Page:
The most common mistake is for people. It is one person, two people. Moreover people is always followed by a plural, since it is a plural. “People are nice!

  • Exceptions

One fish, two fish but also two fishes. The latter refers to different kinds of fish and not to the number of fish. The same goes for cheese (one cheese, two cheese but also two cheeses = two kinds of cheese).

This people is big” refers to the people as a community and not to one person.

  • “It” for nouns

When you refer to an object, you have to say “it”, because an object is considered as something inanimate: “This house is beautiful. It has a nice colour.

But there is an exception for the noun boat. Indeed, some boats are considered by their captain as something precious, that is why if you hear: “My boat, she is a marvel!” It is not wrong. The person who says such a thing has got a particular feeling for their boat.

The same goes for animals. If you love them, you tend to say he or she depending on their genders: “That is my dog Tobby. He is 5.

On the contrary, if there is a bad meaning towards this dog, the “it” remains. For instance, the neighbour is not happy or does not like dogs: “That dog is my neighbour’s. It always comes in our garden!

The last example is baby. Indeed, we do not immediately know the gender of the baby, so we commonly use “it” even if it is a person. Once we know the gender, “it” will become “she” or “he”.

  • General

We cannot say “He said me!” It is a common mistake made by non-native speakers. The correct thing to say is “he told me that” or “he said that“. “He said that to me” is also correct even if we commonly use “he told me that“.

When we use words like each, every, everybody, nobody or anybody, we are thinking about a number of people or things. But all those words are grammatically singular. Indeed, they refer to just one person or thing at a time. That is why we say: “Everybody is nice!

When we want to order at the restaurant, we make some mistakes. For example, we cannot order pig. I mean, we can, but the waiter would bring you the animal alive. If you want to order the meat, you have to ask for pork. The same goes for calf, which is the animal but the meat would be veal. Beef stays the same.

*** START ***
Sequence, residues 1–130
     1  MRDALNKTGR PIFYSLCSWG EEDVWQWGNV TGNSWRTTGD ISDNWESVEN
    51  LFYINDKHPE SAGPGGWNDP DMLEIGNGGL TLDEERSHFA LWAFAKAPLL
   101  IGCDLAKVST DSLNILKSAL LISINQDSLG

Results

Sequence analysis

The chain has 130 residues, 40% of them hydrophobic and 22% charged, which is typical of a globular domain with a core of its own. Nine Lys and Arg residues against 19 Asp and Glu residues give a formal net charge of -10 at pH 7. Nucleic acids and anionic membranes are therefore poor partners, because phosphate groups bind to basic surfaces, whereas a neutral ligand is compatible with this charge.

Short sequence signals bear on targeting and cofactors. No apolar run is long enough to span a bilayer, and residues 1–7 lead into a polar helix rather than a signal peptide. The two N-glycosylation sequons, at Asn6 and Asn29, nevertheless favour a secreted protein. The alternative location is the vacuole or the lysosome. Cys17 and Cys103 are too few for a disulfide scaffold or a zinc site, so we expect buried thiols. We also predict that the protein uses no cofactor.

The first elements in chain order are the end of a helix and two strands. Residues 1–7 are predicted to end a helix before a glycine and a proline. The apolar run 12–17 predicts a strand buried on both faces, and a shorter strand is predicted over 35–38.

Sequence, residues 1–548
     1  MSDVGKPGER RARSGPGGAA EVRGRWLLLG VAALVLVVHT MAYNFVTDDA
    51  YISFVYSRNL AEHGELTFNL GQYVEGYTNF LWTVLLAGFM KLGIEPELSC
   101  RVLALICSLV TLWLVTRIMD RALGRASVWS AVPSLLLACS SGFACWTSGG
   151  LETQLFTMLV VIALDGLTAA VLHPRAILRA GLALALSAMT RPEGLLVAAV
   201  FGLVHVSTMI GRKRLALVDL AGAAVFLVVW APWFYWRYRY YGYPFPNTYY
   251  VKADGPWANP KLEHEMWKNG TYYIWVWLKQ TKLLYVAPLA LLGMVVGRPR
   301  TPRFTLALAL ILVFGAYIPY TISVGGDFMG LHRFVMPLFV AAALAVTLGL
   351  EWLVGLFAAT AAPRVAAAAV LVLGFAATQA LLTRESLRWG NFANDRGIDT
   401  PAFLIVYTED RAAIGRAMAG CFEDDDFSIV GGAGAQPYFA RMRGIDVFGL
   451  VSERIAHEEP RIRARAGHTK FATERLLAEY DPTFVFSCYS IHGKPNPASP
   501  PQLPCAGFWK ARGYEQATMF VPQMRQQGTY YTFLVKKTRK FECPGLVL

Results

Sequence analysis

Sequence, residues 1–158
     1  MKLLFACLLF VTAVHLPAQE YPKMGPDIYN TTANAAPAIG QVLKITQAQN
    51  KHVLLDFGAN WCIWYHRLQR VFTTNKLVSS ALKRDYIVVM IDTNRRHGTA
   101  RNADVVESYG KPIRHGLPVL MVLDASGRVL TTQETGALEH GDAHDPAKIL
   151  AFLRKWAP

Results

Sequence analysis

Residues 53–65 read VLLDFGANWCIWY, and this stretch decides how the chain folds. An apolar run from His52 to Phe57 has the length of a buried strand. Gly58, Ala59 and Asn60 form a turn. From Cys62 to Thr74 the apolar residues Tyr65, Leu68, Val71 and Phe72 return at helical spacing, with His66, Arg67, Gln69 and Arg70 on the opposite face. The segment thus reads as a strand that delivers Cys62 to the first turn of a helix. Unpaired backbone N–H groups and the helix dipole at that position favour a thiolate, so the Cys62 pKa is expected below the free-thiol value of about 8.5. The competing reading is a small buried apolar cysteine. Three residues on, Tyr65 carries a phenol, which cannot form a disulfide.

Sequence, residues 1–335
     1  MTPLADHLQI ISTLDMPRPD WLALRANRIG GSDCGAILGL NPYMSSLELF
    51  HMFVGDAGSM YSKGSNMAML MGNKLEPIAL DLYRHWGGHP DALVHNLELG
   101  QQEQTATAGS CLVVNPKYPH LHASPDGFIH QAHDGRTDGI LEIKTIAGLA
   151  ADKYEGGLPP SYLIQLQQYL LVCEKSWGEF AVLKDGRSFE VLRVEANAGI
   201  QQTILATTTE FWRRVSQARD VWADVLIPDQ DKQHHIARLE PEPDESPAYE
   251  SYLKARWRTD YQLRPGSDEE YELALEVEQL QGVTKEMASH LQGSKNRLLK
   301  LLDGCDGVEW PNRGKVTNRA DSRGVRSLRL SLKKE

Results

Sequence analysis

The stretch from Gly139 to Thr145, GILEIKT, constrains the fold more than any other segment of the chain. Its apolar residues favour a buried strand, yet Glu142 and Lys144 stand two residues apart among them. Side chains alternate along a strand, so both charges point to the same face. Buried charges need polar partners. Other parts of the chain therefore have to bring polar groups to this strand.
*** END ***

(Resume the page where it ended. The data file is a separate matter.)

Some names of citizen are also mistaken. For example, “Spanish people live in Spain. They are called Spaniards“. Yes, and not Spanish! The others are more or less easier.

Moreover I would like to add that in English all the adjectives, nouns of countries and citizens take a capital letter, unlike French, for example, which only have capital letter for nationalities or countries. “Il est français. C’est un Français” is in English: “He is French“.

When you do not know the gender of someone, you can use them. For example: “Tell the doctor they did a great job!” In that case, they want to thank the doctor in person but they do not know if it is a she or a he, so they use them. The same goes on the phone, for instance you pick up the phone and nobody answers. When you hang up, you say: “They did not answer“.

The feminine of some nouns changes in English. Here are some examples: a stallion/a mare, a dog/a bitch, a ram/an ewe, a buck/a doe, a bull/a cow, a fow/a vixen

In general, if you do not know the feminine of some animals, you can put a she in front of the male name: a dog/a she-dog, a she-wolf. For people: an actor/an actress, a bachelor/a spinster, a bridegroom/a bride, a duke/a duchess.

The difficult thing to do now is to remember those few rules and to apply them.